Tour: Nov 04 – Nov 14, 2020 Tour Price: $3,895 + Tax
Inclusive of international airfares
Your local tour guide: Journalist Do Thong Minh or Philosopher Tran Duc Giang, with extensive knowledge of
Japan's culture and history, and over 50 years' living experience in the country
Autumn view of Kiyomizu-dera Temple
Check in at Los Angeles Airport (LAX) to Tokyo. An AV Travel tour leader will assist and escort travelers throughout the trip.
Fly to Tokyo, the capital city of Japan. It is one of the largest metropolitan areas in the world with a population of over 13 million residents. Tokyo is not only the center of politics and economy of Japan, but also a center of the global economy and culture. (B/D)
Begin your journey to Nikko – a town at the entrance to Nikko National Park, most famous for Toshogu, Japan’s most lavishly decorated shrine and the mausoleum of Tokugawa leyasu, the founder of the Tokugawa shogunate. Nikko had been a center of Shinto and Buddhist mountain worship for many centuries before Toshogu was built in the 1600s. Visit Nikko Tosho-guis, a Shinto shrine, which is part of the “Shrines and Temples of Nikko” and a UNESCO World Heritage Site, initially built in 1617. Continue to visit Futarasan Shrine stands next to Toshogu. Much older than its more lavish neighbor, Futarasan Shrine was founded in 782 by Shodo Shonin, the Buddhist monk who introduced Buddhism to Nikko. Futarasan Shrine is dedicated to the deities of Nikko’s three most sacred mountains: Mount Nantai, Mount Nyoho and Mount Taro. (B/L/D)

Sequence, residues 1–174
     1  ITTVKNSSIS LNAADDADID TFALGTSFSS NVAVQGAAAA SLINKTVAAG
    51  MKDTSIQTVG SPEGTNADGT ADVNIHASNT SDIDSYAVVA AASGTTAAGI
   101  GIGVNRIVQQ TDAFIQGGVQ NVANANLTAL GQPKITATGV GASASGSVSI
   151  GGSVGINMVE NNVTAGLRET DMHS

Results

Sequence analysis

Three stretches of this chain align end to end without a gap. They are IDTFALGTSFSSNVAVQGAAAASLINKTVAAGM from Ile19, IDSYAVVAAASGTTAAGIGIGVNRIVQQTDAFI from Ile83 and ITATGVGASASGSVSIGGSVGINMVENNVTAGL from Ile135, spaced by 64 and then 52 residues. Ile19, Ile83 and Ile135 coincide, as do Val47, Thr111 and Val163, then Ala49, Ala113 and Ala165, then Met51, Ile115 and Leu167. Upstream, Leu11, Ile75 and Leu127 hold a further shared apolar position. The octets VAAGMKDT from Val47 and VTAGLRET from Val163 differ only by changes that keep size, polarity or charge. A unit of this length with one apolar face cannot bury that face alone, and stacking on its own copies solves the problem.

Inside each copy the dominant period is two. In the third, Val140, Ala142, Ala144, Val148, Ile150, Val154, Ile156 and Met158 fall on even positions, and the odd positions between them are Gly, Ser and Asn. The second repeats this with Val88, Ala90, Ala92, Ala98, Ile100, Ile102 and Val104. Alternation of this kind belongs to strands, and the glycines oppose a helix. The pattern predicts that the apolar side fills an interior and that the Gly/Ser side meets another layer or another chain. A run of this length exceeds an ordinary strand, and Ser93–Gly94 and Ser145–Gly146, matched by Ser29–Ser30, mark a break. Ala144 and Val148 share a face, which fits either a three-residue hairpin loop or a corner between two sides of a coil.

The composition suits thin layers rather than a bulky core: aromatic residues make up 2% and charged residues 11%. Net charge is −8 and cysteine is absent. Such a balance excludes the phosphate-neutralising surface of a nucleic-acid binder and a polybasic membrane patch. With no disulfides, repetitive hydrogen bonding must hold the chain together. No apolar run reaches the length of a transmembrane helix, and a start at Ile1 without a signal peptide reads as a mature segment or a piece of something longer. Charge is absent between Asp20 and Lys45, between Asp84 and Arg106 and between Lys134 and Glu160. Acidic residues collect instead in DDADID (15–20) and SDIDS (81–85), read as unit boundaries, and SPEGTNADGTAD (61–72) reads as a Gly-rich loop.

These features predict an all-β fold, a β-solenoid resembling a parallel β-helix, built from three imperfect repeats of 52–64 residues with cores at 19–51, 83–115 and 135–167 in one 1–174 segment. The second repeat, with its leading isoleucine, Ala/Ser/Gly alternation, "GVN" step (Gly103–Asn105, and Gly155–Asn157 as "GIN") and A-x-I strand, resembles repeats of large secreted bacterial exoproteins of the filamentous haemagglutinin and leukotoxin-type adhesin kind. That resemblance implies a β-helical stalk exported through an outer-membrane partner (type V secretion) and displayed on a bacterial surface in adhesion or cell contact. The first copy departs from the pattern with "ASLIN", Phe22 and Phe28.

Journey to Tokyo. Your sightseeing tour begins with a visit to Asakusa district, which is famous for the Sensō-ji, a Buddhist temple dedicated to the bodhisattva Kannon. Visit the City Hall, where you can see the vast urban vista of Tokyo from its observation floor. (B/L/D)
This morning we’ll visit the exterior bronze statue of Amida Buddha, called The Great Buddha of Kamakura. The statue was built in 1252 in Kamakura city.
Carry on to Japan’s iconic Mount Fuji, Japan’s highest mountain. On a clear day, the Fujisan’s perfectly shaped volcano slopes can be seen from Tokyo and Yokohama. If you’re inspired by the beauty of the Japanese landscape, you’ll enjoy the crisp mountain air and Mt Fuji views. Throughout the history of Japan, people worshipped Mt. Fuji as a mountain where the god lives. In Autumn, the red an orange leaves make the mountain’s blue more beautiful.
Overnight stay in the Mount Fuji area. We’ll be staying at a ryokan (a traditional Japanese inn). After dinner, you can enjoy bathing in the onsens (thermal hot springs) that Mount Fuji has to offer, and have all of your tiredness after a long day rinsed out. (B/L/D)
Depart to Nagoya, an important industrial hub, the city home of many companies such as Honda Motor Company, Roland Corporation, Kawai Pianos, Yamaha, Sony, Suzuki Motor Company… Visit Samurai Magome-juku. A walk though Magome-juku will transport you back to the Edo period, some 300 years ago. The area is known internationally as a place that retains the particular atmosphere of old Japanese posting stations. This scenic trail is especially popular among overseas visitors who seek an authentic experience of traditional life. (B/L/D)